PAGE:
Freigeist Fellowship for Tristan Petit

Dr. Tristan Petit will broaden his research on nanocarbon materials with the Freigeist Fellowship.

Dr. Tristan Petit will broaden his research on nanocarbon materials with the Freigeist Fellowship. © HZB

For his project on nanodiamond materials and nanocarbon, Dr. Tristan Petit has been awarded a Freigeist Fellowship from the VolkswagenStiftung. The grant covers a five-year period and will enable him to establish his own research team. The VolkswagenStiftung is funding with these prestigious fellowships outstanding postdocs planning original research that transcends the bounds of their own field.

Following his doctoral studies, Dr. Tristan Petit joined the HZB team of Prof. Emad Aziz supported by a post-doctoral stipend from the Alexander von Humboldt Foundation. He had already investigated surface modification of nanodiamonds while exploring their potential for biomedical applications during his doctoral research at the Diamond Sensors Laboratory (CEA) in Gif sur Yvette, France. Petit has since expanded his research interests. This is because nanodiamond materials can also exhibit catalytic effects, in particular when irradiated by sunlight. One dream is to develop synthetic nanodiamond materials for manufacturing solar fuels like methane using sunlight and carbon dioxide, thereby storing solar energy chemically. Aziz and Petit are now working on this project under the European DIACAT research programme.

As a Freigeist Fellow, Petit will investigate how nanocarbon materials in aqueous solutions interact with their environment. These interactions have hardly been studied so far, but they are essential for developing new applications and being better able to assess risks.

It is very difficult to study nanocarbon materials in aqueous solutions experimentally, though. Spectrographic methods using X-ray light can provide information about the electrochemical and photochemical processes. Petit relies on specialised setups for this such as LiXEdrom at BESSY II that were developed at HZB specifically for these kinds of experiments. He intends to use infrared spectroscopy to determine the configuration of water molecules surrounding the nanoparticles. Petit also plans to carry out sequential laser-based pump-probe measurements in order to observe ultrafast electronic processes in the nanoparticles. The methods have already proven themselves in nanocarbon solid-state experiments, but their utilisation in studying nanocarbon in liquids is new, however.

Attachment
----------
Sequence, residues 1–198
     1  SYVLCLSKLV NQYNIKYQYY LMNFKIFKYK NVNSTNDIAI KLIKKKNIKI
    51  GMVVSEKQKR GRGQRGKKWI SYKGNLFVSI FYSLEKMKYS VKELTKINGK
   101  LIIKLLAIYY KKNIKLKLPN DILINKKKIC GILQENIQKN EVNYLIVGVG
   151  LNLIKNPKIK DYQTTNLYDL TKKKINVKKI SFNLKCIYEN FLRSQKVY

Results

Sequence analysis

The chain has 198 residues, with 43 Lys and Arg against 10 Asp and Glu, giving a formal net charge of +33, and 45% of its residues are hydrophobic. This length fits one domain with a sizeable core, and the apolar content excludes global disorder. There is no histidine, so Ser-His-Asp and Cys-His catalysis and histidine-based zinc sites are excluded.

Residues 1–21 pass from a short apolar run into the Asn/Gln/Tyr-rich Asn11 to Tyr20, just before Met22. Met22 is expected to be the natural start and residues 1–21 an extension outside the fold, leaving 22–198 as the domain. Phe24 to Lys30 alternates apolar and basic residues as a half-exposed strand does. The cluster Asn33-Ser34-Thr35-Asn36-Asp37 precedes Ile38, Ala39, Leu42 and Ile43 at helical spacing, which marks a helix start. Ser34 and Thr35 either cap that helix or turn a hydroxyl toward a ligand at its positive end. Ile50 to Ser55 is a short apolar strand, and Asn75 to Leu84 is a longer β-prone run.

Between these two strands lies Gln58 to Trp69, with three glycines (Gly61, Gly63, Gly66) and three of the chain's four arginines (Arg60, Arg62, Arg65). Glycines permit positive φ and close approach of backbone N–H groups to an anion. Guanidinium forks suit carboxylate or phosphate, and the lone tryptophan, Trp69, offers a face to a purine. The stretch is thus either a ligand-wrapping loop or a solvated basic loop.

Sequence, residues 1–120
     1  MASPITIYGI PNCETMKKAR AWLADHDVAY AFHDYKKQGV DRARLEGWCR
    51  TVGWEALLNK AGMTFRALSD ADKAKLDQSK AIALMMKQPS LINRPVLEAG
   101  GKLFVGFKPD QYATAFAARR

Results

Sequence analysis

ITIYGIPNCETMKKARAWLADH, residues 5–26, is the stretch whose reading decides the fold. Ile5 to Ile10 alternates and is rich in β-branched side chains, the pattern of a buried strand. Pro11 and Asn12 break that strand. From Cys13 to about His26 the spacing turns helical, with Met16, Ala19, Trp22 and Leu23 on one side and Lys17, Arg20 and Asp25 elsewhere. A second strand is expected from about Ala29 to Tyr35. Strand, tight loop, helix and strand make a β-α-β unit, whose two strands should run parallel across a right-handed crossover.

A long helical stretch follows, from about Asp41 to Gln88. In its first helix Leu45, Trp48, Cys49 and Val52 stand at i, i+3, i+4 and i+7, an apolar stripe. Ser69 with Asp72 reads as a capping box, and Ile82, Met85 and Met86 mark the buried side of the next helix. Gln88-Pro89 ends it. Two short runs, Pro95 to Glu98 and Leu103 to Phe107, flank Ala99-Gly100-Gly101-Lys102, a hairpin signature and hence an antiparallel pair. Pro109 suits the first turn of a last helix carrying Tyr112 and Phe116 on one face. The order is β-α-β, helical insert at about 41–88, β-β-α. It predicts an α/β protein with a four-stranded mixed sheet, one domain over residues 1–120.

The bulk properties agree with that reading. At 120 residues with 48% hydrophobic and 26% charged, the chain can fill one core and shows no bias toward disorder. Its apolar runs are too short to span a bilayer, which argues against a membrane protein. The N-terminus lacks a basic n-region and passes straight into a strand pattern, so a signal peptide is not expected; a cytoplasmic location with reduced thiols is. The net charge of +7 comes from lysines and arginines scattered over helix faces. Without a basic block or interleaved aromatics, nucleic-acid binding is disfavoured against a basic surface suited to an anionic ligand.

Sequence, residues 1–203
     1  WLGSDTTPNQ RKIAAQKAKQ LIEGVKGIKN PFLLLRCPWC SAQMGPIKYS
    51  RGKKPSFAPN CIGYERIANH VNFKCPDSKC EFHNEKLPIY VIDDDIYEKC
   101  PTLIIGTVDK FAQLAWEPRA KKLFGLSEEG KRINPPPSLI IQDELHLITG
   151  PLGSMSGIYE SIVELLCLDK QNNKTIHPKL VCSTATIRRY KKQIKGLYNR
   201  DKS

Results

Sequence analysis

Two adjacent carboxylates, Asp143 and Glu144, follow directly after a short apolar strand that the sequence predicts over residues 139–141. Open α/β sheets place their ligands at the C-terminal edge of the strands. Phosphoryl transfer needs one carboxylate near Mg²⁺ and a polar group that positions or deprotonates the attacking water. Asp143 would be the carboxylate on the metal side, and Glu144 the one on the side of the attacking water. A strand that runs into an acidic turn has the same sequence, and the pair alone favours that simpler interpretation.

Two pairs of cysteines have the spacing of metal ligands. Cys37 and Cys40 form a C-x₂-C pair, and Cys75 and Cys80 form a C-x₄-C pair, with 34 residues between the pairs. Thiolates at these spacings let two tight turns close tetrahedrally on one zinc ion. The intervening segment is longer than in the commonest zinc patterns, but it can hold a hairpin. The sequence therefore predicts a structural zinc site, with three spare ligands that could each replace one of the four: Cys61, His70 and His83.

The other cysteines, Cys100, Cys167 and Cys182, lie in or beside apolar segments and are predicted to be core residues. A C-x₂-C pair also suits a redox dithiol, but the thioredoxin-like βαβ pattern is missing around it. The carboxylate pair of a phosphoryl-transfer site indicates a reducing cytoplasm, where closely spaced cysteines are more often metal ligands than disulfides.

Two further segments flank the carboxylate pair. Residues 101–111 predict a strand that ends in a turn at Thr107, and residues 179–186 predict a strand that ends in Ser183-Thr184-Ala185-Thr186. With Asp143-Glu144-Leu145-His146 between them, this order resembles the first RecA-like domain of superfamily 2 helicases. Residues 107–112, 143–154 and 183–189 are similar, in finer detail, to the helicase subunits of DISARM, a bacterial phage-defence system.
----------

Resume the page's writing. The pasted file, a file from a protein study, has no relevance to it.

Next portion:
“The Freigeist Fellowship makes it possible for me to research these problems comprehensively. Once we better understand the complex interactions between nanocarbon particles in an aqueous environment, we will be able to develop a new generation of carbon-based nanomaterials for different applications – from photocatalysis of solar fuels to medical applications”, says Petit. The Freigeist Fellowship is accompanied by funding of 805,000 EUR, of which 375,000 EUR is provided by HZB in-house resources and 430,000 EUR by the VolkswagenStiftung.

As a result, there are now two Freigeist Fellows on Aziz’ team. Dr. Annika Bande also received a Freigeist Fellowship last year and has since been working at the HZB Institute for Methods of Material Development headed by Aziz.

Further information on the Freigeist Fellowships:


You might also be interested in

  • Key role of nickel ions in the Simons process discovered
    Key role of nickel ions in the Simons process discovered
    Researchers at the Federal Institute for Materials Research and Testing (BAM) and Freie Universität Berlin have discovered the exact mechanism of the Simons process for the first time. The interdisciplinary research team used the BESSY II light source at the Helmholtz Zentrum Berlin for this study.

  • Watching indium phosphide at work
    Science Highlight
    Watching indium phosphide at work
    Indium phosphide is a versatile semiconductor. The material can be used for solar cells, for hydrogen production and even for quantum computers – and with record-breaking efficiency. However, little research has been conducted into what happens on its surface. Researchers have now closed this gap and used ultra-fast lasers to scrutinise the dynamics of the electrons in the material.
  • Freeze casting - a guide to creating hierarchically structured materials
    Science Highlight
    Freeze casting - a guide to creating hierarchically structured materials
    Freeze casting is an elegant, cost-effective manufacturing technique to produce highly porous materials with custom-designed hierarchical architectures, well-defined pore orientation, and multifunctional surface structures. Freeze-cast materials are suitable for many applications, from biomedicine to environmental engineering and energy technologies. An article in "Nature Reviews Methods Primer" now provides a guide to freeze-casting methods that includes an overview on current and future applications and highlights characterization techniques with a focus on X-ray tomoscopy.